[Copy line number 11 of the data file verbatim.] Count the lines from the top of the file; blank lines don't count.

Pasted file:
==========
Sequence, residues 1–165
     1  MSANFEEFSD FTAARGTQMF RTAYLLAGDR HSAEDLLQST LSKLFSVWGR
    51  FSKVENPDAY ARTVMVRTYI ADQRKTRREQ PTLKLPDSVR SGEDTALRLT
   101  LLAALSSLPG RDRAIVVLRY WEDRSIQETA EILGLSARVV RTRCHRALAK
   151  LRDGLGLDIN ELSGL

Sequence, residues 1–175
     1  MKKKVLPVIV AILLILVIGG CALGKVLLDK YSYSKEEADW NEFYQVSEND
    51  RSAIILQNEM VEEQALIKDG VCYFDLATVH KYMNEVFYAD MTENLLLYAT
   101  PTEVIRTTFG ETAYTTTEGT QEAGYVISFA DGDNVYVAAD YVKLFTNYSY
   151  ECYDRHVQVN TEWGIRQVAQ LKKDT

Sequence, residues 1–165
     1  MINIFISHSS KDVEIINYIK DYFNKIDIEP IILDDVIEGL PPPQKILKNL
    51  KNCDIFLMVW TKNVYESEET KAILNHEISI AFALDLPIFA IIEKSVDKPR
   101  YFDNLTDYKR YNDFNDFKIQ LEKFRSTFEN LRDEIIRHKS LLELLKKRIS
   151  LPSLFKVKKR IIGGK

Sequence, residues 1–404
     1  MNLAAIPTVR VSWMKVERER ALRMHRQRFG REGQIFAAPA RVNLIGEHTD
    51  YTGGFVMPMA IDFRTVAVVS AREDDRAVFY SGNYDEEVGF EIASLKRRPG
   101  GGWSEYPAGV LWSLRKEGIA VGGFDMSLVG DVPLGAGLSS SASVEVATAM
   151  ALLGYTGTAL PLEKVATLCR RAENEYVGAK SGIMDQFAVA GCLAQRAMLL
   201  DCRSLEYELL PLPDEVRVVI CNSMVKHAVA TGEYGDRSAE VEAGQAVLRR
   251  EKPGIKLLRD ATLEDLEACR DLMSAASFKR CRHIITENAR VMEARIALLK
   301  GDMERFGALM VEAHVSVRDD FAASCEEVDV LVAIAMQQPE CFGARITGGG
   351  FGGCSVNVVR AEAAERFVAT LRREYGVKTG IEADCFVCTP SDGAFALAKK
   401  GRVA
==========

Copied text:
Sequence, residues 1–165